Article

Displaying 3D Content in a SpriteKit Scene

Draw SceneKit content in a SpriteKit scene by using a 3D node.

Overview

SceneKit content rendered in SpriteKit is automatically assigned a camera and, because autoenablesDefaultLighting defaults to true, lights. That means you require very little code to add simple 3D primitives to your scene. The following code shows how to create a simple scene containing a torus and display it in a SpriteKit scene.

let scnScene: SCNScene = {
    let scnScene = SCNScene()
    
    let torusGeometry = SCNTorus(ringRadius: 10, pipeRadius: 3)
    let torusNode = SCNNode(geometry: torusGeometry)
    torusNode.eulerAngles = SCNVector3(x: CGFloat.pi / 2, y: 0, z: 0)
    scnScene.rootNode.addChildNode(torusNode)
    return scnScene
}()
     
let node = SK3DNode(viewportSize: CGSize(width: 200, height: 200))
node.scnScene = scnScene

After node is added to a SKScene, the 3D torus is visible:

SceneKit torus rendered in SpriteKit

Control How Your Content Is Rendered

Although SK3DNode creates a default camera automatically, you can create your own camera for precise control over how the 3D content is rendered. The following code shows how you can create a 3D node with an explicitly created camera that looks at the first object in the SceneKit scene's node tree.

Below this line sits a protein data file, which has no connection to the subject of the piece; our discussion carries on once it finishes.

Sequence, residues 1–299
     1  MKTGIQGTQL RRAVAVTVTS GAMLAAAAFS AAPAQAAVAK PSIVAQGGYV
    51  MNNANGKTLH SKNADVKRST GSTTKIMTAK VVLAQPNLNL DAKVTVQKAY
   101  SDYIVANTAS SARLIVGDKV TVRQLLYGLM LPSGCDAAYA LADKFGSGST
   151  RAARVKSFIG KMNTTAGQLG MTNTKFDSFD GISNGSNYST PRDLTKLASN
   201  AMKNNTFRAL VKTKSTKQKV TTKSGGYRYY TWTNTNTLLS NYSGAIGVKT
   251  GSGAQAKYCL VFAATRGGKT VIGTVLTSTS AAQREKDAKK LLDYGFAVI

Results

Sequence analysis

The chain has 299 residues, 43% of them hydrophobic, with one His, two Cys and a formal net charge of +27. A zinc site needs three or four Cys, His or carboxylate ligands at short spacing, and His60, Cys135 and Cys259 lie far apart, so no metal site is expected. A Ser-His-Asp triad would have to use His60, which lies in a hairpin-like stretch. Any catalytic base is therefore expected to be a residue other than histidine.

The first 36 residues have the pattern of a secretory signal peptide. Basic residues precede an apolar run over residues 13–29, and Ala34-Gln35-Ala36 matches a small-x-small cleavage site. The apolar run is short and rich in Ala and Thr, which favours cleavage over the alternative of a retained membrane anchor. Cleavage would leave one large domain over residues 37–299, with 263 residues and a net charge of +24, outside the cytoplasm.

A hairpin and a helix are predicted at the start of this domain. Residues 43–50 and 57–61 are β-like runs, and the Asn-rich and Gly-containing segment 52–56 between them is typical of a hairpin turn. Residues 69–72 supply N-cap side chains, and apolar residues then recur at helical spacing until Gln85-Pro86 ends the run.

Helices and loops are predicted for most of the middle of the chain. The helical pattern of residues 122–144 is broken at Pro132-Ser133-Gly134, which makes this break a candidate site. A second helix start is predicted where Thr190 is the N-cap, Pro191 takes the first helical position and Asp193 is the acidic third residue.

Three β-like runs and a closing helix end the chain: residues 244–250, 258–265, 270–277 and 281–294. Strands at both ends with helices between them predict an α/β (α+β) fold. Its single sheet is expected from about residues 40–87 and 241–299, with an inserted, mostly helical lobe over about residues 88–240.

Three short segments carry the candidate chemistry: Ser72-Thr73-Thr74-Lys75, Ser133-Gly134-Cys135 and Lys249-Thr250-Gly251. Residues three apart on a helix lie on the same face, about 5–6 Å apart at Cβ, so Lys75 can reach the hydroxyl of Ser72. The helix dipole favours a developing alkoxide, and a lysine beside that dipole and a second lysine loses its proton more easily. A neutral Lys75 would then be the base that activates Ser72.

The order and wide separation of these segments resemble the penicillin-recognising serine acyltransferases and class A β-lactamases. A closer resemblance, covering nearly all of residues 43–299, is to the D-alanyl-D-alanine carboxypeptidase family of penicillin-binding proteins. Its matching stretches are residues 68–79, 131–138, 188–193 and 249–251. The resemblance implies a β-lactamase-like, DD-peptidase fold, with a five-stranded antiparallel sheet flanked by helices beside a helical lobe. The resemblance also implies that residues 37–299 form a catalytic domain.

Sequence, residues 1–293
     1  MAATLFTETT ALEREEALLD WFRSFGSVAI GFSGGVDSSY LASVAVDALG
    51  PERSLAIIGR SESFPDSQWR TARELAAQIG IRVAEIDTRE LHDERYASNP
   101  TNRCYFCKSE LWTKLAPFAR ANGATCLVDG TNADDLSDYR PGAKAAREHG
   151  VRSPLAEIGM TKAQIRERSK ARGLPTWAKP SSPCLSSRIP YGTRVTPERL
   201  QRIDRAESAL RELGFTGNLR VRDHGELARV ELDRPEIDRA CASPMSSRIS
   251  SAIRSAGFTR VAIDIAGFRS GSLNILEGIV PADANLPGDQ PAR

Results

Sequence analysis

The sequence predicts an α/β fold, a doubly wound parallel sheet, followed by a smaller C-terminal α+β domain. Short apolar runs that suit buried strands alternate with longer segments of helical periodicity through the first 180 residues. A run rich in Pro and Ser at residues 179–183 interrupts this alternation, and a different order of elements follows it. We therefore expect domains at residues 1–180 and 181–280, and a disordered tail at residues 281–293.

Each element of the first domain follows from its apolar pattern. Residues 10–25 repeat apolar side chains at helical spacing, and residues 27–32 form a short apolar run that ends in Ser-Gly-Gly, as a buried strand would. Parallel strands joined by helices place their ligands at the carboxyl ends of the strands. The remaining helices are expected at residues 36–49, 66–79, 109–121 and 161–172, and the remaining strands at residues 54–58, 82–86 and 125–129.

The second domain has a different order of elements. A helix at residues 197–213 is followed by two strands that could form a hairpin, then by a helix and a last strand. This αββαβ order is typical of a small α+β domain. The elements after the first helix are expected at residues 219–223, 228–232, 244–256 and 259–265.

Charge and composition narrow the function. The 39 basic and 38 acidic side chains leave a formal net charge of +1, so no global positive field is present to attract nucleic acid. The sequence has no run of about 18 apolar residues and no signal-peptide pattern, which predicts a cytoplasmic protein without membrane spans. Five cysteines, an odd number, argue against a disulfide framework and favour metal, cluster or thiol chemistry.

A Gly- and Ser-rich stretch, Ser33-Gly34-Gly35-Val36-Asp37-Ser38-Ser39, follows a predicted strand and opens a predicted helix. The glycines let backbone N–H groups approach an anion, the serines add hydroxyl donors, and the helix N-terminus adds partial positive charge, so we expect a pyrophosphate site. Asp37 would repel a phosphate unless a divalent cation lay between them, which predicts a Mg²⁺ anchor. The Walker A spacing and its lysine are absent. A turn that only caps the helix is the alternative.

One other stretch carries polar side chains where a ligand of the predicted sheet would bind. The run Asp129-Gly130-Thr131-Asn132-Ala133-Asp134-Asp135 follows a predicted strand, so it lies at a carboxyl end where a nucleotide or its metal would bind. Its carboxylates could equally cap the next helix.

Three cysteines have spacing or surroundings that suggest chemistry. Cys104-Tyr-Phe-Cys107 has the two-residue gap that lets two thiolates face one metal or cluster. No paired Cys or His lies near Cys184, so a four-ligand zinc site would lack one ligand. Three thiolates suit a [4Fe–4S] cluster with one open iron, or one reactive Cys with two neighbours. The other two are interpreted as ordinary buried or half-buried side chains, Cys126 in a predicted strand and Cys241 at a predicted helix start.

let node = SK3DNode(viewportSize: CGSize(width: 200, height: 200))
node.position = position
node.scnScene = scnScene
node.name = "3dnode"
let camera = SCNCamera()
let cameraNode = SCNNode()
cameraNode.camera = camera
if let lookAtTarget = scnScene.rootNode.childNodes.first {
    
    let constraint = SCNLookAtConstraint(target: lookAtTarget)
    cameraNode.constraints = [ constraint ]
}
node.pointOfView = cameraNode
node.pointOfView?.position = SCNVector3(x: 0, y: 0, z: 20)

Set the Position and Orientation of Your 3D Content

You can create many instances of SK3DNode, each sharing the same SceneKit scene but each with an independent point of view. By updating the position of each 3D node's point of view, you can create code that simulates a top-down, one-point perspective view. The following example shows how to do this by enumerating over all the nodes named 3dnode in the update method of a SKSceneDelegate.

scene.enumerateChildNodes(withName: "3dnode") {
    node, _ in
    if let node = node as? SK3DNode {
        let positionX = (width * 0.5 - node.position.x) / 10
        let positionY = (height * 0.5 - node.position.y) / 10
        node.pointOfView?.position = SCNVector3(x: positionX, y: positionY, z: 20)
    }
}

The following image shows how this code gives the impression of perspective inside SpriteKit:

Top down perspective using SK3DNode